Independent associations between arterial bicarbonate, apnea severity and hypertension in obstructive sleep apnea

Davoud Eskandari, Ding Zou, Ludger Grote, Hartmut Schneider, Thomas Penzel, Jan Hedner

Research output: Contribution to journalArticlepeer-review

Abstract

Background: Obstructive sleep apnea is characterized by intermittent hypoxia and hypercapnia. CO2 production, transport and elimination are influenced by the carbonic anhydrase enzyme. We hypothesized that elevated standard bicarbonate, a proxy for increased carbonic anhydrase activity, is associated with apnea severity and higher blood pressure in patients with obstructive sleep apnea. Methods: A retrospective analysis of a sleep apnea cohort (n = 830) studied by ambulatory polygraphy. Office systolic/diastolic blood pressure, lung function, and arterial blood gases were assessed during daytime. Results: Arterial standard bicarbonate was increased with apnea severity (mild/moderate/severe 24.1 ± 1.8, 24.4 ± 1.7 and 24.9 ± 2.9 mmol/l, respectively, Kruskal-Wallis test p < 0.001). Standard bicarbonate was independently associated with apnea hypopnea index after adjustment for sex, age, body mass index, smoking, alcohol, hypertension, pO2 and pCO2 (standard bicarbonate quartile 1 vs. quartile 4, β = 10.6, p < 0.001). Log-transformed standard bicarbonate was associated with a diagnosis of hypertension or diastolic blood pressure but not systolic blood pressure adjusting for cofounders (p = 0.007, 0.048 and 0.45, respectively). Conclusions: There was an independent association between sleep apnea severity and arterial standard bicarbonate. The link between high standard bicarbonate and daytime hypertension suggests that carbonic anhydrase activity may constitute a novel mechanism for blood pressure regulation in sleep apnea.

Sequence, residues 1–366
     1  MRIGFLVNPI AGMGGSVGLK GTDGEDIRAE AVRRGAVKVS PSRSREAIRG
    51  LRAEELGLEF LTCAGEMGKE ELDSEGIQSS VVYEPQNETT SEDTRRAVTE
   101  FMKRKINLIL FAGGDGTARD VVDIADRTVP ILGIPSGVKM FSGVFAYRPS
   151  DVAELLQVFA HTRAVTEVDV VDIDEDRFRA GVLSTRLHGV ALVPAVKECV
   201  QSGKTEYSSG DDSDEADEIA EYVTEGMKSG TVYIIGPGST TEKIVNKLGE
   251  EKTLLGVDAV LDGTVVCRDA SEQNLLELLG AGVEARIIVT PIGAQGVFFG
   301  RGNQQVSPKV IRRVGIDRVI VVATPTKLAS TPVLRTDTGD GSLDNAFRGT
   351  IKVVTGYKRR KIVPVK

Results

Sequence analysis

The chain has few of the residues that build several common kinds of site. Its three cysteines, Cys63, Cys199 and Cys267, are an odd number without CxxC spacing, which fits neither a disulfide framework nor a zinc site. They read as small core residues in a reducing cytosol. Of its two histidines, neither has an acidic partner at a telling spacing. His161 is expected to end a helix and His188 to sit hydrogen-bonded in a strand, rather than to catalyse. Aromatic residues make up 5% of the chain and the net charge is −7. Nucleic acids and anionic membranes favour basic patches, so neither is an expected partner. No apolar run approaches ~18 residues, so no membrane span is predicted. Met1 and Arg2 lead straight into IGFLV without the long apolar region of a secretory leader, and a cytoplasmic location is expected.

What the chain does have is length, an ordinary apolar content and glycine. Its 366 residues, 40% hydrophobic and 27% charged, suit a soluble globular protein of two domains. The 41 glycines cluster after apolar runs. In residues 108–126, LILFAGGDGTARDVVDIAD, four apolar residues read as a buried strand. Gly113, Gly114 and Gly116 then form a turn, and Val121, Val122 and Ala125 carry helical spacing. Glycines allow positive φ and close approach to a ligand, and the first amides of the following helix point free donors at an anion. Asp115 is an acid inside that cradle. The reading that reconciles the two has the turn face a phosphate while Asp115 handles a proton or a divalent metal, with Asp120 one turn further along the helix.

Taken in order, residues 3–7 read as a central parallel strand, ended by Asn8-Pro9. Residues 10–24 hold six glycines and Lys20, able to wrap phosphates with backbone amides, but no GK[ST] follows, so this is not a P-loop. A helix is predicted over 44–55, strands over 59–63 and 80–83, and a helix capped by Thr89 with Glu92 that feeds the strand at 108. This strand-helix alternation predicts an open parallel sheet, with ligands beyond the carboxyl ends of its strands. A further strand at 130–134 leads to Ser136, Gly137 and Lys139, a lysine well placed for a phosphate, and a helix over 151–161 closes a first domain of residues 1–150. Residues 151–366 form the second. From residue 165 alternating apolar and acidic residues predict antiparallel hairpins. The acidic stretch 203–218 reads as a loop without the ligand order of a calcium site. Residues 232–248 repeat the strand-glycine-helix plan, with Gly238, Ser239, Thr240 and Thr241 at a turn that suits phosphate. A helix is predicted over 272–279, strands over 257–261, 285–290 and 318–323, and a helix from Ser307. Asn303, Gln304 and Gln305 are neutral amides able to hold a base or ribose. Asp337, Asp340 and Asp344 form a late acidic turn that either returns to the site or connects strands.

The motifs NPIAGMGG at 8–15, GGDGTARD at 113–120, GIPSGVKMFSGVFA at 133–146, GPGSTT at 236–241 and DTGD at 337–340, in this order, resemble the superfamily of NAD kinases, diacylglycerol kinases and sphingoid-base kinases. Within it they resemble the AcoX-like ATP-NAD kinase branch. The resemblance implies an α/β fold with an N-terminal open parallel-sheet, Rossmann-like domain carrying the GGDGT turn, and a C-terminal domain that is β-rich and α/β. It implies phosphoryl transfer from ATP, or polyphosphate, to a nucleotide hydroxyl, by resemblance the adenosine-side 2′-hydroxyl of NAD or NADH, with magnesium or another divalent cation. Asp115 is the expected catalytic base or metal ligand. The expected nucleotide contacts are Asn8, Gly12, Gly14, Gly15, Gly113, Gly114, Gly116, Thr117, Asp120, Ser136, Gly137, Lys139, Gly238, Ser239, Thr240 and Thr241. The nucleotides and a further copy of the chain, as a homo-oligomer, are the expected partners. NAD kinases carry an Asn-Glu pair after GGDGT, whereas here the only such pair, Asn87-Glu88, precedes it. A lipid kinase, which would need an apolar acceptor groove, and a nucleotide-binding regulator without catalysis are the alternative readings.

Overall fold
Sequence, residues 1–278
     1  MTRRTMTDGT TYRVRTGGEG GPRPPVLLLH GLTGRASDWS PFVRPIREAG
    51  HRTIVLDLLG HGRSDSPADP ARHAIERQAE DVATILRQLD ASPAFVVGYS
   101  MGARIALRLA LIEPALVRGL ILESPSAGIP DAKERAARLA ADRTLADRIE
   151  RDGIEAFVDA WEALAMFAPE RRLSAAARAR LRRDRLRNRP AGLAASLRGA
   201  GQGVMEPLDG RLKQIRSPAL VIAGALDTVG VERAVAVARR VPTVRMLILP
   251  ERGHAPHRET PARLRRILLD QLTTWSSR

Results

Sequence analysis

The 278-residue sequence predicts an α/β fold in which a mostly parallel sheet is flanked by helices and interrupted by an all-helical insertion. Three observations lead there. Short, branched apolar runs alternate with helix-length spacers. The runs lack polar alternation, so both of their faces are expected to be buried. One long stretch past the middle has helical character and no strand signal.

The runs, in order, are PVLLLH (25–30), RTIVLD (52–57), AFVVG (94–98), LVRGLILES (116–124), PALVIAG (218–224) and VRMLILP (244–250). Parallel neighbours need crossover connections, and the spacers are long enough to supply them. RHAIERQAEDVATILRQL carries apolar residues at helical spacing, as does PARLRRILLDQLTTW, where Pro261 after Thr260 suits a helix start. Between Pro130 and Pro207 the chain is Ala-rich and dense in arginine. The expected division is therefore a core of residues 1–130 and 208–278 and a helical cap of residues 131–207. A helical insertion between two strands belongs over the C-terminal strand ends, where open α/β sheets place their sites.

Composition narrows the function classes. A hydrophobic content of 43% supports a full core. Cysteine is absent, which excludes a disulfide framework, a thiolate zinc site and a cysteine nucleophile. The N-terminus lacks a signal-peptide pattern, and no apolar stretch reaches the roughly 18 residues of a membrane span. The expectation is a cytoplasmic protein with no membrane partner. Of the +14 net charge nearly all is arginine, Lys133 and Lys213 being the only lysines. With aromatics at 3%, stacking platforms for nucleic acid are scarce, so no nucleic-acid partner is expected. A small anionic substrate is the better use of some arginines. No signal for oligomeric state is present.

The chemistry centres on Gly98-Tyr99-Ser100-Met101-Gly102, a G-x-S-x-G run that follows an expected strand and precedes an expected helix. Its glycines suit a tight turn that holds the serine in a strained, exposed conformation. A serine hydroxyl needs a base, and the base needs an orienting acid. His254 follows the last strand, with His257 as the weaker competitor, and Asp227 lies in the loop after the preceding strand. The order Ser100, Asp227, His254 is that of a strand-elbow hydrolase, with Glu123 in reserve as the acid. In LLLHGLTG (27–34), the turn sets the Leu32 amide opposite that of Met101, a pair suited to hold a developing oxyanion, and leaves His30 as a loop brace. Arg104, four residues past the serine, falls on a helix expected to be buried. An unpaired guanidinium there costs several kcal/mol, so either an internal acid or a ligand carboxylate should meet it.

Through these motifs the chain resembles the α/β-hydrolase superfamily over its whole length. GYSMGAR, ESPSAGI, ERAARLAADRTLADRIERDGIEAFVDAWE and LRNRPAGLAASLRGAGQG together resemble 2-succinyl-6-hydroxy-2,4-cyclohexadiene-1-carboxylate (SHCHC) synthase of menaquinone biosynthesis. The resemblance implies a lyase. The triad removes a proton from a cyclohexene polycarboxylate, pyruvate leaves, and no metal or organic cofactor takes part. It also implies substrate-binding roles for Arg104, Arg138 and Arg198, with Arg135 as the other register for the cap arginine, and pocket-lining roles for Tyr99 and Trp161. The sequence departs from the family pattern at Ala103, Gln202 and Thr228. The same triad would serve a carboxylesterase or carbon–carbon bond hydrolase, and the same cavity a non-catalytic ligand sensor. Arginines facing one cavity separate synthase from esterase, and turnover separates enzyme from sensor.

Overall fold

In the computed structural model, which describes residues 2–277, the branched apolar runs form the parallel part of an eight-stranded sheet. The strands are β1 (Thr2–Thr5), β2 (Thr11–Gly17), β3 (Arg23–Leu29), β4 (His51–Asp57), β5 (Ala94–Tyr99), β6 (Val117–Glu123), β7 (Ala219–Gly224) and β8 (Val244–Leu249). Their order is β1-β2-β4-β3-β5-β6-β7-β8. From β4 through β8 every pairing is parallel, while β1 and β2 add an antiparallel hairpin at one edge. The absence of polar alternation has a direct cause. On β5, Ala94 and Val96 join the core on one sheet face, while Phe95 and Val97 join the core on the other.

Original languageEnglish (US)
Article number130
JournalRespiratory research
Volume18
Issue number1
DOIs
StatePublished - Jun 28 2017

Keywords

  • Acid base
  • Blood pressure
  • Carbonic anhydrase
  • Hypercapnia
  • Obstructive sleep apnea

ASJC Scopus subject areas

  • Pulmonary and Respiratory Medicine

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